Here’s an EV we can all get behind—an electric-powered Jaguar E-type. The gang at Jaguar Land Rover Classic Works in Coventry has been working overtime and created one of the classiest electric convertibles we’ve ever seen.
The restored and converted E-type Zero has a range of about 170 miles from a 40-kWh battery that requires 6 to 7 hours for a full charge. It makes its official debut at the Jaguar Land Rover Tech Fest on September 8 in London.
“E-type Zero combines the renowned E-type dynamic experience with enhanced performance through electrification,” said Tim Hannig, Director of Jaguar Land Rover Classic, in a statement.
“This unique combination creates a breathtaking driving sensation. Our aim with the E-type Zero is to future-proof classic car ownership. We’re looking forward to the reaction of our clients as we investigate bringing this concept to market.”
The E-type Zero is a restored Series 1.5 Roadster and is totally original in specification— aside from its 21st century powertrain, LED headlights, and modified instrumentation and fascia, according to Jaguar. Another nice bonus is this Jaguar E-type is quicker than an original E-type, with a 0-62 mph time of 5.5 seconds.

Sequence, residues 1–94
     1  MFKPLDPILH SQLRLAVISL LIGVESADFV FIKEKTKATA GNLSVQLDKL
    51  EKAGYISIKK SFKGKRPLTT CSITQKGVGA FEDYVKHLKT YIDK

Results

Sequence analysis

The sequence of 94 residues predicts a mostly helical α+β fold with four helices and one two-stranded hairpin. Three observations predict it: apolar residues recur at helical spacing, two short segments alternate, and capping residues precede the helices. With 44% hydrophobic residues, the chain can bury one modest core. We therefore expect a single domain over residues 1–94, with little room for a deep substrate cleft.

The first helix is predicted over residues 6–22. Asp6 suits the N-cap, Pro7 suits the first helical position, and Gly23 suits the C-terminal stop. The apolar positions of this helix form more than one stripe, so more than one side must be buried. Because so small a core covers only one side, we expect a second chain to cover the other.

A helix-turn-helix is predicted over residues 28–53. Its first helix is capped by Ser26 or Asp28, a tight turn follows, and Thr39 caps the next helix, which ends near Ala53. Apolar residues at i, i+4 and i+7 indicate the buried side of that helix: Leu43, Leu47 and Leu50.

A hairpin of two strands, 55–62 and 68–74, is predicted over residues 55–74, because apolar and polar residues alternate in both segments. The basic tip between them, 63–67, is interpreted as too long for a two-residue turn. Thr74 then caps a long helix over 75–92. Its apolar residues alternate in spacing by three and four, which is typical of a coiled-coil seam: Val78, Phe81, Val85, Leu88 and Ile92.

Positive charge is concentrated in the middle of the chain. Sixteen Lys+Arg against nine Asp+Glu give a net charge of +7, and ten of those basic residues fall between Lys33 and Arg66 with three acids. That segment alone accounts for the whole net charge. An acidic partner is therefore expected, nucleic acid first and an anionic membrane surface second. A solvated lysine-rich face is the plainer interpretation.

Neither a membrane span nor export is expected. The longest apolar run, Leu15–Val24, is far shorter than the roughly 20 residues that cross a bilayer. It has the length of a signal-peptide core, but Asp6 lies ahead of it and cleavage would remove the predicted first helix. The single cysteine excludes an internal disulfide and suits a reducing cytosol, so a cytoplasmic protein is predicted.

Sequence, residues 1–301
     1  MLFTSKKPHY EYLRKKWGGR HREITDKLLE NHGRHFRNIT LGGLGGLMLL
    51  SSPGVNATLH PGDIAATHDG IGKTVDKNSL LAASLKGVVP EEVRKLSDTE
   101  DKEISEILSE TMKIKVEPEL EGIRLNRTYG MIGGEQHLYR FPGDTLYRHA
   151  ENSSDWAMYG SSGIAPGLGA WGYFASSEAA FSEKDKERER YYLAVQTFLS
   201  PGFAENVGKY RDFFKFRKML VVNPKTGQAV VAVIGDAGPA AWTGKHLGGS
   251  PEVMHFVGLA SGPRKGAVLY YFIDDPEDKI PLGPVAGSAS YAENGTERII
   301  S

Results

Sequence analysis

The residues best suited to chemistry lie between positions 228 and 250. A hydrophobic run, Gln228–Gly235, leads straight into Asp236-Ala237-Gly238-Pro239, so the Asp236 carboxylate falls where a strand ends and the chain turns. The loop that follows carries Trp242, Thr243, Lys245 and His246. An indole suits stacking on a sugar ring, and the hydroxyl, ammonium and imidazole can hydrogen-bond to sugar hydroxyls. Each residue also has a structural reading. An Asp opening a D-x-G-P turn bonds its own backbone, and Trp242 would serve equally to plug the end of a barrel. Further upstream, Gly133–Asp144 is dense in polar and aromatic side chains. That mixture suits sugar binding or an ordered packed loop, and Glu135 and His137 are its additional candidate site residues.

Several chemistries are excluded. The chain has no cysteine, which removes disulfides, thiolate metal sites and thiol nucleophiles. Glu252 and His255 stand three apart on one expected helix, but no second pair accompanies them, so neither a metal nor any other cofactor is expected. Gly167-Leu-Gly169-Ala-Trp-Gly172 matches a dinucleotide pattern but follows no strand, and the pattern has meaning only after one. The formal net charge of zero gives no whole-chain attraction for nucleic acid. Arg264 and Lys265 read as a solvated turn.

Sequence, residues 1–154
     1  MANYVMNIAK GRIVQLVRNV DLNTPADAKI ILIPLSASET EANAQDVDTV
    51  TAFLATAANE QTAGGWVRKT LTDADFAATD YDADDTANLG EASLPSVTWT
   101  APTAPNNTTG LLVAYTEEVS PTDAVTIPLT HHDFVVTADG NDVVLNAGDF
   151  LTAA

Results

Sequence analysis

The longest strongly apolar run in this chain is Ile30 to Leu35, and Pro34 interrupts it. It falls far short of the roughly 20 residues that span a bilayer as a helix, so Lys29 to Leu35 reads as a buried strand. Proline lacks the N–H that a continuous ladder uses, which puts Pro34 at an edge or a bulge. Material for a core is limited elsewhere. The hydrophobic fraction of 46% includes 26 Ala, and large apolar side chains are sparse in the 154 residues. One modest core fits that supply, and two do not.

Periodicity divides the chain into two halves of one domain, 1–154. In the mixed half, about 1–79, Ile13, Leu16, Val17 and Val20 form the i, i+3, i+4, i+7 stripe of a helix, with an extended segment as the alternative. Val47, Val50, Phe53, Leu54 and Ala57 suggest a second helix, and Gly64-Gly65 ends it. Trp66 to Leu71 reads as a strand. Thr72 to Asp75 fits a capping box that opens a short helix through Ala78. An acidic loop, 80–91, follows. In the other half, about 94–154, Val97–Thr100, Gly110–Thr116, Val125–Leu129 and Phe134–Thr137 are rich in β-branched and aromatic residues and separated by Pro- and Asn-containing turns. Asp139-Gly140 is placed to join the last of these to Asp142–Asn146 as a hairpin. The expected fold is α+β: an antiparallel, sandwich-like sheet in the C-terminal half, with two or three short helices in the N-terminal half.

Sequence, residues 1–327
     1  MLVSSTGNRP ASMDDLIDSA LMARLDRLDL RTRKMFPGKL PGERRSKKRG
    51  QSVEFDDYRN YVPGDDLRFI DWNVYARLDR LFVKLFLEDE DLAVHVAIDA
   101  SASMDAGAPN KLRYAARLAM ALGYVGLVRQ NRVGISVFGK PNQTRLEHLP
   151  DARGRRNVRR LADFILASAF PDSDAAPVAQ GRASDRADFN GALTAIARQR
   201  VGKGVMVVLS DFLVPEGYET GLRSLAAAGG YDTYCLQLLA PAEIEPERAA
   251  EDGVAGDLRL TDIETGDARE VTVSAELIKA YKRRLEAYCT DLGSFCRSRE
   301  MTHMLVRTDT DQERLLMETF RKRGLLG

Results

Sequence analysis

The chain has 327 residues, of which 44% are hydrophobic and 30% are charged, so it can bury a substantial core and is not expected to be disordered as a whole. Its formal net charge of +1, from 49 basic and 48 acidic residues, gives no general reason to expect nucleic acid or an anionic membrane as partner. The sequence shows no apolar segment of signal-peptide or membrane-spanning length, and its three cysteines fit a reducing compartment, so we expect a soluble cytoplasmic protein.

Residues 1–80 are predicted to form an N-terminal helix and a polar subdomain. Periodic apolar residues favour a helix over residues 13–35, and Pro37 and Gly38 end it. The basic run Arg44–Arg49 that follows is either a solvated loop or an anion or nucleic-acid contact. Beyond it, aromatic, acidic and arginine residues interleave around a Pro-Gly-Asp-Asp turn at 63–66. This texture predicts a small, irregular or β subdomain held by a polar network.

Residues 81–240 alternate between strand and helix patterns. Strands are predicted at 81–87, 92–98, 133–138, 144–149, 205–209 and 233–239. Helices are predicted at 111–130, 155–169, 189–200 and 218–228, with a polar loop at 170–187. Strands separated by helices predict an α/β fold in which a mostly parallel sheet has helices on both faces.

“In order to seamlessly combine the new electric powertrain of the E-type Zero with the dynamic set-up of the original E-type specification, we have limited the vehicle’s power output. We believe this provides the optimum driving experience,” Hannig added.
The Jag E-type Zero’s lithium-ion battery pack that has the same dimensions as the original XK six-cylinder engine used in the E-type, and a similar weight. Not entirely surprisingly, the electric powertrain uses some technology and components borrowed from the upcoming all-electric Jaguar I-PACE.
While the battery sits under the long hood, the electric motor resides behind the battery pack, in the same location as the gearbox on the E-type. A new driveshaft sends power to a carry-over differential and final drive. Jaguar reports that the total weight is about 100 pounds less than the original.
“We have integrated the new electric powertrain into the existing E-type structure, which means a conventional engine could be reinstalled at any point,” Hannig said.
“We think this is essential as it ensures a period Jaguar remains authentic to its DNA. We could use this technology to transform any classic XK-engine Jaguar.”
The Jaguar E-type Zero can be seen by the public at Central Saint Martins, University of the Arts London from September 8-10.